Investigation of Bacterial Contamination of Private Wells
Bacterial contamination is the most common water quality problem faced by private well owners. This information sheet will lead you through the step-by-step procedure to deal with cases of bacterial contamination of private wells.
Step 1: Results of the first sample
If the results of the first sample do not indicate the presence of any total coliform bacteria or E. coli, the water is considered suitable for consumption and no further action is required.
If the results of the first sample indicate the presence of any level of bacteria, the water needs to be tested again to confirm the initial results. If the first sample results indicate that there are more than 10 total coliforms present or any E. coli, the water is considered unfit for consumption and should be boiled, or an alternate source used until the problem has been rectified.
Before retesting the water, inspect the well (see suggestions below under the heading “Basic Considerations When Inspecting a Well), and flush the water thoroughly by running the tap for a couple of hours if possible. Regardless of the level of bacteria present in the initial sample, unless an ultraviolet disinfection system is installed, two consecutive samples, showing no presence of bacteria, should be obtained before resuming normal use of the water.
Step 2: Results of the second sample
If the results of the second sample show no presence of bacteria, a third sample should be collected to confirm these results prior to resuming normal use of water. If the third sample shows no presence of bacteria, the water may be considered safe to consume. However, a follow-up sample in three or four months is recommended. If the second sample still shows the presence of bacteria, the well should be considered contaminated. No further sampling is recommended at this point, and the well and plumbing system should be disinfected prior to any further action.
Step 3: Disinfection of the well and plumbing system
Disinfection of the well will help determine if contamination is a result of a gradual buildup of a thin layer of bacteria over time, or if there is an ongoing problem with the well and contaminants are still entering the water supply. It is important to follow the correct procedure for disinfection. An information sheet on the procedure is available at Access PEI sites, from the Department of Communities, Land and Environment.
Step 4: Sampling after disinfection
Once a well has been disinfected, it should not be sampled until at least 48 hours after any trace of chlorine has dissipated from the water. When the water is retested after disinfection, if the results do not indicate the presence of bacteria, the well should be
sampled one more time to confirm the water is free of bacteria. If the results of either of these two tests after disinfection still indicate the presence of bacteria, the problem is most likely with the well. No further testing or disinfection is recommended, and water treatment, well reconstruction or a new well may be necessary. At this point, you should contact a groundwater technician for further advice. (The department can be reached toll free at 1-866-368-5044.) Until the problem has been fully remedied, any water to be used for drinking or food preparation should be boiled.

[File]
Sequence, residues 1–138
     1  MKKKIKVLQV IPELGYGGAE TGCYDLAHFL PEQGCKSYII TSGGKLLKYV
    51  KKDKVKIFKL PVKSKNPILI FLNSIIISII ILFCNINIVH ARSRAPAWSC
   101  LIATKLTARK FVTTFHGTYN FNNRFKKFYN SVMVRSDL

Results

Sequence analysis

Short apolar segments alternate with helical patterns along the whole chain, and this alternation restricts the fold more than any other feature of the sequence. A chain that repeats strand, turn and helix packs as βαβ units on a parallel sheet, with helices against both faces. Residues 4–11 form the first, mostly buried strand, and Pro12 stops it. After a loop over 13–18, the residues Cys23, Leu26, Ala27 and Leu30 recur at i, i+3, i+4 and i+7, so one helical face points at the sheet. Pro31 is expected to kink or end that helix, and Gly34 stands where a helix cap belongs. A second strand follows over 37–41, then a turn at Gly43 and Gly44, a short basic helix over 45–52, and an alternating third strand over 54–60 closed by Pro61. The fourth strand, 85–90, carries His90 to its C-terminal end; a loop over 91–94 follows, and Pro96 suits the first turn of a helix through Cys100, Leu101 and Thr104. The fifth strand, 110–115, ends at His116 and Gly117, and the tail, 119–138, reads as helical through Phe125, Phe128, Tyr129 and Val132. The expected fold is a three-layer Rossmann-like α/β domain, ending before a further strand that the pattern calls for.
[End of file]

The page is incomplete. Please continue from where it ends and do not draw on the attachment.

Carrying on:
What are the basic considerations when inspecting a well?
One of the main goals of proper well construction is to ensure that bacteria and other contaminants at or near the ground surface are kept out of the well. The following are steps to address the most common ways a well can be contaminated:
If the top of the well is buried or is in a well pit which may flood, contaminants can enter the well even if a proper well seal has been installed. To remedy the problem, have a well driller add additional well casing to the top of the well so it extends above ground level, and install a pitless adaptor to provide a water tight connection between the
well and the water line to the house. Also ensure that there is a proper vermin-proof well cap at the top of the casing.
Surface water collecting near a well can result in bacterial contamination. Ensure that down spouts for rain gutters are directed away from the well, and that the ground is graded so water does not pond near the well.
If your well is in the basement, ensure there is a proper well seal installed on the top of the casing, and that the top of the casing is high enough above the basement floor that the well will not become flooded.
Wells with an inadequate length of casing are particularly vulnerable to contamination. Current well construction practices require a minimum of 40 feet of casing, with the casing sealed in the well bore with a material called bentonite. For information about the casing on your well, check the water well report supplied by the well driller when the well was constructed.
If the top of your well is above ground, remove the cap and check for the presence of insect nests, spiders, etc. which can contaminate the water. The use of a vermin proof well cap will keep these pests out of the well.
If the top of the well is accessible, listen carefully to see if you can hear water running into the well. This should be done with the well “at rest” and also after the well has been pumped for 10 minutes. If you hear water running into the well, it may indicate that surface water is running down along the outside of the casing and into the well. In this case, you may need to have the casing re-installed with a better seal, or have additional casing added to the well.
Who can I contact for more information?
Paul Baker (Safety Standards Officer)
J. Elmer Blanchard Building
31 Gordon Drive
Charlottetown, PEI C1A 6B8
Telephone: (902) 368-5062
Fax: (902) 368-5526